The Local Dish: You won’t miss meat at Munch
The Amazing Black Bean Burger at Munch in Oak Park is topped with goat cheese and tomato. While brown rice and beans are part of the patty, more than half of the burger is made from vegetables.| Photo by Melissa Elsmo
Lunch at Munch
When: Tuesday-Friday starting at 11 a.m.; brunch on Saturdays and Sundays beginning at 10 a.m., closed Mondays
Where: 104 N. Marion St., Oak Park
Kid Friendly: Yes! Kids are more than welcome at Munch. Check out a trio of kid-sized sides called The Groovy Plate ($6.50) or a half a banana and Nutella sandwich with carrot sticks ($5.50).
Cost: $3.50/cup of soup; $14.95/“Meaty” stuffed pepper; $1.75/Filbert’s Soda; $6/16-ounce Tropikale shake
Chew on this: Munch keeps things local. My “steakless” sandwich featured Upton’s Naturals Seitan. The Chicago-based company’s meat alternatives are 100 percent vegan
Updated: February 28, 2013 11:02AM
Nothing breaks up a busy week better than sneaking off with a friend for a leisurely lunch in a comfortable restaurant.
Last week, my friend suggested we catch up over lunch at Munch. Located in the heart of Oak Park, Munch celebrates all things vegan, vegetarian and gluten free. Skeptical? Don’t be. A meat-free meal at Munch is far from flavor-free.
Munch has been open for just over 18 months, but chef-owner and Oak Park resident, Robbin O’Harrow, has spent the better part of her life working in the restaurant industry and more than 20 years living a vegan lifestyle. “When my daughter was in high school, she brought home a PETA magazine,” O’Harrow remembers, “and I was just horrified by what I read about the cruelties of the poultry industry.” From that moment on, and long before vegan was an everyday word, O’Harrow changed what she and her family ate, and meat focused meals became a thing of the past.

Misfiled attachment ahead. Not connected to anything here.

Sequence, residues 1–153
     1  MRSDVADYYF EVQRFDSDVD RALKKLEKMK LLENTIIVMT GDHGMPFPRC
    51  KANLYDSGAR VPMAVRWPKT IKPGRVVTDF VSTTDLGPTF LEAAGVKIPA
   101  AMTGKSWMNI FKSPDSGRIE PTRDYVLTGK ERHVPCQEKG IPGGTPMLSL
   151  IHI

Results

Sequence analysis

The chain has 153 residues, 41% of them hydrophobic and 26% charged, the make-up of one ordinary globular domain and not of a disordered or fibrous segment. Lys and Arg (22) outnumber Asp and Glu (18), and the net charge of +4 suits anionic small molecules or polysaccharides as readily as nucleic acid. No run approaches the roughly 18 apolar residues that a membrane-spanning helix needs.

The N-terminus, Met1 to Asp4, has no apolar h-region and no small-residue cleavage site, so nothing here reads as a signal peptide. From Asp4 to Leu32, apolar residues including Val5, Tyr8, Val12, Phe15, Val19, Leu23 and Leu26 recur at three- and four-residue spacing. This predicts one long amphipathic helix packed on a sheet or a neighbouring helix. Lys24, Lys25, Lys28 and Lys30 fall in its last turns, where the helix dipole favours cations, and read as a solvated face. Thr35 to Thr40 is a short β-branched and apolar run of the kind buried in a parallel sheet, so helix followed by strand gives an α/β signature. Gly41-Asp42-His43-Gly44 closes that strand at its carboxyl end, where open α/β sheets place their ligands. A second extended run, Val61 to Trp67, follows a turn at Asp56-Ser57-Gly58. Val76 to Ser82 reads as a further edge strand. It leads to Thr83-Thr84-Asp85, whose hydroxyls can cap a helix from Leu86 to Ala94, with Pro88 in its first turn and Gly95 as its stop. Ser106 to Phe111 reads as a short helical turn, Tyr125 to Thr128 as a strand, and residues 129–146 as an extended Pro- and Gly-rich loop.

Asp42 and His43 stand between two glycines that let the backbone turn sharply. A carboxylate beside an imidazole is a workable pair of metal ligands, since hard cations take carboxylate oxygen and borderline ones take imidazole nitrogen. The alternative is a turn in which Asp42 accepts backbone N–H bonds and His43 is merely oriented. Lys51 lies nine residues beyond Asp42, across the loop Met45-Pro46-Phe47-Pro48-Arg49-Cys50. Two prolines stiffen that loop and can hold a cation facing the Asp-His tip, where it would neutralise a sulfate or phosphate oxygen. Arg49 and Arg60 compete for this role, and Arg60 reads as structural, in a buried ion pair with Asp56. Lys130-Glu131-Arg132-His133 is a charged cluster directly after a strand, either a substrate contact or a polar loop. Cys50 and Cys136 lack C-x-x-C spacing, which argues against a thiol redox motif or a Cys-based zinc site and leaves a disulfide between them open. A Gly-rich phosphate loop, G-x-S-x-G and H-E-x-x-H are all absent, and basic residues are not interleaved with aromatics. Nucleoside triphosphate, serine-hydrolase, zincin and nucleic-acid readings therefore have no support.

O’Harrow’s passionate commitment to vegan and vegetarian fare is reflected her nutrient-dense menu items. “I am constantly taste testing,” O’Harrow muses, “so I know everything that we serve at Munch is delicious.”
If dishes don’t pass her frequent inspections they don’t make it out of the kitchen. This attention to detail keeps customers coming back for her creative sandwiches, soups and salads.
The Hippie Hemp Seed Salad is a protein-packed powerhouse and, like all salads at the restaurant, features handtorn greens rather than pre-packaged salad mixes. Munch’s perennially popular pasta and lentil soup is a homey and honest concoction that O’Harrow serves up as a flavorful homage to her Italian grandmother who developed the recipe.
Commonly wary of meat alternatives like Seitan, I was pleasantly surprised by the robust Philly “Steakless” Sandwich I ordered for lunch. Cooks at Munch marinate the wheat-based meat alternative in vegetarian soy sauce and fresh herbs for days before tossing it on a grill with loads of peppers and onions. The sandwich, served alongside a heaping portion of sautéed garlicly greens, left me more than satisfied.
My lunch companion ordered the Amazing Black Bean Burger, topped with goat cheese and tomato. While brown rice and beans are part of the patty, more than 50 percent of Munch’s burger is composed of vegetables, making it a nutritionally savvy menu option.
In addition to providing flavorful, high-quality dishes, the folks at Munch know how to serve it all with style. The welcoming wait staff rivals the ever-changing art on the walls of the bright and cheery establishment.
“I have the best employees who make our customers feel at home,” says O’Harrow, “and I always want people to enjoy friendly service and delicious food at Munch.”